Equity and Inclusion


In response to the proposal from the Leadership Conference of Women Religious (LCWR) that congregations focus on the dismantling of racism, the Adrian Dominican Sisters began by identifying resources that can assist us in raising our consciousness of white privilege and white supremacy, both personally and systematically.

Since January 2021, our Toward Communion: Undoing Racism and Embracing Diversity Committee and our Justice Promoters have collaborated on a project to provide information on prominent Black and Indigenous Catholics who have made significant contributions to the church and society, along with reflection questions and a prayer.

In May of 2022, Kevin D. Hofmann was named the founding Director of Racial Equity and Cultural Inclusion for the Congregation. With the goal of normalizing conversations about race and culture and discussing what it means to feel included and excluded, Kevin began contributing to this blog in June of 2022 and shares his unique experience of growing up Black in a white family in Detroit.

 

Equity and Inclusion Project

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I’m Diving in… You?

girl underwater

I’m Diving in… You?

By Kevin Hofmann 
Director of the Office of Racial Equity and Cultural Inclusion

I sat in on a Zoom call a few weeks ago about creating a deeper conversation around race and racism in the Church. I was excited because I have a lot of ideas as to how we can create a better sense of belonging in the Church. 

Early in the conversation, the leader was asked a very important question. “Since everyone comes to the conversation of race from a different vantage point and with varying degrees of experience, will this conversation include definitions and the acceptance of the existence of things like, white supremacy, institutional racism, and white privilege?”

I liked the question because this is always a struggle when talking about race. I think it is important to at least begin on the same page. The response we received floored me.

“I’ll be honest, I will not use any of those words as part of this conversation.” The way he said it, I heard the period at the end of the sentence. He left no room for negotiations. 

I understand why someone might say something like this. There are words and phrases that can derail a conversation that already feels like it comes pre-installed with snares and pitfalls. I think the thought was that we don’t need to make the conversation any more hazardous than it needs to be.

I have been a part of many well-meaning conversations on race. The dance is the same for me each time. I come to the meeting anxious to see what their level of commitment is to dig in and do the work. I stand at the edge of the pool listening, wondering if the water is warm enough to get in. 

The method of entry has changed. I used to dive right into the deep end willing to bare my soul for the benefit of the group and ended up flailing alone in the deep end. I am more cautious nowadays. Yet, I expect more. When I am brave enough to speak up, I expect to be heard. I expect to be given the grace to share my experiences, however that may present itself. This can be shocking to some because rarely do I, or others like me, get the opportunity to express the frustration and pain that comes with racism. The purge is not always clean and orderly, but it is necessary and not personal. To be safe to share in this way is invaluable. To be able to speak about the crushing weight of white supremacy is invaluable. To hear other acknowledge it is invaluable. To simply be heard – really heard – is invaluable.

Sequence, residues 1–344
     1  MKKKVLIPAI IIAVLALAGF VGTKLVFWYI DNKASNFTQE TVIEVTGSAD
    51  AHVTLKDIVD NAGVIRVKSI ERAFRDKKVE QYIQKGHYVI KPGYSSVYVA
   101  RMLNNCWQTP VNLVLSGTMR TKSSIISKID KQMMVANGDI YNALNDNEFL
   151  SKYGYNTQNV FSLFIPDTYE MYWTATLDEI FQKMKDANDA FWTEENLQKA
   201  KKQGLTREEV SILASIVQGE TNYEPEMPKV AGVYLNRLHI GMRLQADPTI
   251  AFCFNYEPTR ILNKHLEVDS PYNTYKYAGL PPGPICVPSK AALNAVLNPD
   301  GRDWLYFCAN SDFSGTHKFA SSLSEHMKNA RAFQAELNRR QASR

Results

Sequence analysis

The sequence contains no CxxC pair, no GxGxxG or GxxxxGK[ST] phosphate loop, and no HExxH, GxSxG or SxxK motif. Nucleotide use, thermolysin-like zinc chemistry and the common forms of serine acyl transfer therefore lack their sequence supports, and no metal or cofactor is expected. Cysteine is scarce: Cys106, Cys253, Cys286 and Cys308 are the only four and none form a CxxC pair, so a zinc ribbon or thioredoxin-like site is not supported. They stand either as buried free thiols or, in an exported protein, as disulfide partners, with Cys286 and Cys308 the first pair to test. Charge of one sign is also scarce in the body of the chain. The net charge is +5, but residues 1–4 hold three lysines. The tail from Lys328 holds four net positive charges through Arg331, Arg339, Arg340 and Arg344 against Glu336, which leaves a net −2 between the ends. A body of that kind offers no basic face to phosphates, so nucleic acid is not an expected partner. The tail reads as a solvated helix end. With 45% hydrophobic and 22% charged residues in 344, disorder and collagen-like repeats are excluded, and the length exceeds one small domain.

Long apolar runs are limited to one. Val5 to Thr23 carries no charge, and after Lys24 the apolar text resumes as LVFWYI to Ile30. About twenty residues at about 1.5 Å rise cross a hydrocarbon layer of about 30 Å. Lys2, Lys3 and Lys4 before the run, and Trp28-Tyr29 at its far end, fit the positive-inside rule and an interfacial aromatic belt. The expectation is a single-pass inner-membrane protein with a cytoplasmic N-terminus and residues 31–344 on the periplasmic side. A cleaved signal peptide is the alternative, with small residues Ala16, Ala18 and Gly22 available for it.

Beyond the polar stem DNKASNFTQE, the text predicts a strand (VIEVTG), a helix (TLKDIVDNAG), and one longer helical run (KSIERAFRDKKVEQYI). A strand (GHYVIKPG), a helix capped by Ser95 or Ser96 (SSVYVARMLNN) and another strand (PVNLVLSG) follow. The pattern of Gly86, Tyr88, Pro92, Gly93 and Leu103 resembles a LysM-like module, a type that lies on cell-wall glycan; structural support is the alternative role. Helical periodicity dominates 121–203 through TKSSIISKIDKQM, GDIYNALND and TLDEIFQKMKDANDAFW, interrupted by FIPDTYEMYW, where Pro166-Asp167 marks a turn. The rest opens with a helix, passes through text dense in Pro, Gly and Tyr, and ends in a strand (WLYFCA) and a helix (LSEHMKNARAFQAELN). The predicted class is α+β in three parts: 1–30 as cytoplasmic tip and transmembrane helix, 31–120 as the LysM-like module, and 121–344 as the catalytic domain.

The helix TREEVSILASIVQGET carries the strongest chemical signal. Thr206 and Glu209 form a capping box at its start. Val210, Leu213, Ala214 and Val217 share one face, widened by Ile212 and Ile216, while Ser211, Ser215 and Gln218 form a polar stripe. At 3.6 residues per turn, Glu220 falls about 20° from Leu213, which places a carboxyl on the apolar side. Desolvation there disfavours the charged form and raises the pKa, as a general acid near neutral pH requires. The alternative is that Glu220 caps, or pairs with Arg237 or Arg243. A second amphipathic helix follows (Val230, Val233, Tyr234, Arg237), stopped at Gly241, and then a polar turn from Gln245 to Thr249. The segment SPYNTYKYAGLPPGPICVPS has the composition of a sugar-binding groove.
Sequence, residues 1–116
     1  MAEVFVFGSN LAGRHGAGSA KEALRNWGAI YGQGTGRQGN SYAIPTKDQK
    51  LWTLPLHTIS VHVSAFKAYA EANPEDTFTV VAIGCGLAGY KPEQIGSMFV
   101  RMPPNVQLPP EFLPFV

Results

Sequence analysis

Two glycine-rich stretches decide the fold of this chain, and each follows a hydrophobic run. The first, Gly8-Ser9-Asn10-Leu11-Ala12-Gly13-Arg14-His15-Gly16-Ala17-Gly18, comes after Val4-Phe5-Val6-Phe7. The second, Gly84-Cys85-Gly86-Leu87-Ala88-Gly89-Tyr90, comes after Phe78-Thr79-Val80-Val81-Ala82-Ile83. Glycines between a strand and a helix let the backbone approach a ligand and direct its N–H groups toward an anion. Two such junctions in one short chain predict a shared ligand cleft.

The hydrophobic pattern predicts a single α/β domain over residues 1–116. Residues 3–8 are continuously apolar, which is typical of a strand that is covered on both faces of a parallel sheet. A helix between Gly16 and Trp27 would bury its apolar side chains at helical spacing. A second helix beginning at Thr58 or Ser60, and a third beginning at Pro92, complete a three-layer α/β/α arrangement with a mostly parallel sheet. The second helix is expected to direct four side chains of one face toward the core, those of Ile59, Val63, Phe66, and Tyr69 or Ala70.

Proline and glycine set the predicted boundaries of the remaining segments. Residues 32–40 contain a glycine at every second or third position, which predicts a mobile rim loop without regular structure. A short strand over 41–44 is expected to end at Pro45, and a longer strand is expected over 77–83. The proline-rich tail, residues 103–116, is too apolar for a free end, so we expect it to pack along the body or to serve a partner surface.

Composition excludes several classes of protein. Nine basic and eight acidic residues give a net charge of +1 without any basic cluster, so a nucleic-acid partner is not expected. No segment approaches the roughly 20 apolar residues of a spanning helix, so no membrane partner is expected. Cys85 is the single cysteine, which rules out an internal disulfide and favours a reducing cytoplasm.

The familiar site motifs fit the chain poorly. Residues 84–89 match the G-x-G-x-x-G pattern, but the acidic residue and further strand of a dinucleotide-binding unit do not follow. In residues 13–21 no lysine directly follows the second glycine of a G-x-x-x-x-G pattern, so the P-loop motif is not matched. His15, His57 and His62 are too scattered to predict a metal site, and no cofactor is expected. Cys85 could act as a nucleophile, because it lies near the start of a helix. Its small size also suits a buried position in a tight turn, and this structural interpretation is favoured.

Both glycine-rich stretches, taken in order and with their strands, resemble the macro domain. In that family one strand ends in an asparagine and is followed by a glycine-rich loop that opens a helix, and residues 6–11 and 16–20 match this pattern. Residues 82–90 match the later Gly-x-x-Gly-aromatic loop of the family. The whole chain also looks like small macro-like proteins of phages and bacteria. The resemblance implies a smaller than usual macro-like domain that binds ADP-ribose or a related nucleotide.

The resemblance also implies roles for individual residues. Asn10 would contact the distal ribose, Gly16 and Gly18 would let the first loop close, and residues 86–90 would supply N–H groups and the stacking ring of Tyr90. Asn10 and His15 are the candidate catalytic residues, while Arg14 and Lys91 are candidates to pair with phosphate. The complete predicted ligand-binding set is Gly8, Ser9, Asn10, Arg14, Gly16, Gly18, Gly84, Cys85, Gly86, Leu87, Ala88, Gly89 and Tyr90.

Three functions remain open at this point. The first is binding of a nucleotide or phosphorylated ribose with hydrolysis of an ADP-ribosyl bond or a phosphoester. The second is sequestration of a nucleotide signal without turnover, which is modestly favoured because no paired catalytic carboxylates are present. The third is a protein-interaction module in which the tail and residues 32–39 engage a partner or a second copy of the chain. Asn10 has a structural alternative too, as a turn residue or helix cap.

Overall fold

To begin the conversation by saying that I can’t name the perpetrator who caused this pain means I won’t dip my smallest toe in that pool. We must talk about the bad, the uncomfortable, and the painful. We must give each other the space to talk about the tough things. If we don’t, I don’t see how the conversation can be productive for all involved. 

Being a true ally means you’re willing to sit in the muck with me at the bottom of the pool. You don’t get to dictate how long I stay there, how I process it, or when I am done. I don’t need you to fix me, save me, or speak for me. I simply need you to sit with me. When I’m done, and we ascend to the surface to re-oxygenate our lungs, the oxygen is treasured in a way it never was.

The Adrian Dominican Sisters Motherhouse campus, and everywhere we touch, will be a safe place for all and diving into the deep end will be worth it. Who’s with me?

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Avatar  Esther Kennedy last monthReply

Yes Kevin, I would like to dive in with you. It is always better to dive in with others – with companions on the journey. I am reading The Question of Freedom: The Families Who challenged Slavery from the Nation’s Founding to the Civil War, by William Thomas. It records and tells of the efforts of people held in bondage in the early 1700’s and later, suing for their freedom in the courts of the early United States. Stories primarily situated in Maryland and D.C. of persons, held in bondage, though many were freedmen, then re-enslaved and working in the tobacco fields, who continued to sue in court for their freedom – for their freed status to be acknowledged and granted. (of course black women as all women at this times were treated as non-existent). The stories reveal that from the very beginning of this country, the perceptions, attitudes, and developing laws and the Constitution itself, were designed to exclude, disenfranchise all people with black skin. The book is a political and legal history of American slavery. American, is a careful distinction to be made.
I am eager for conversation...
Esther Kennedy

Avatar  SisterJoAnn Fleischaker, OP last monthReply

I want to be ready to "dive in!"



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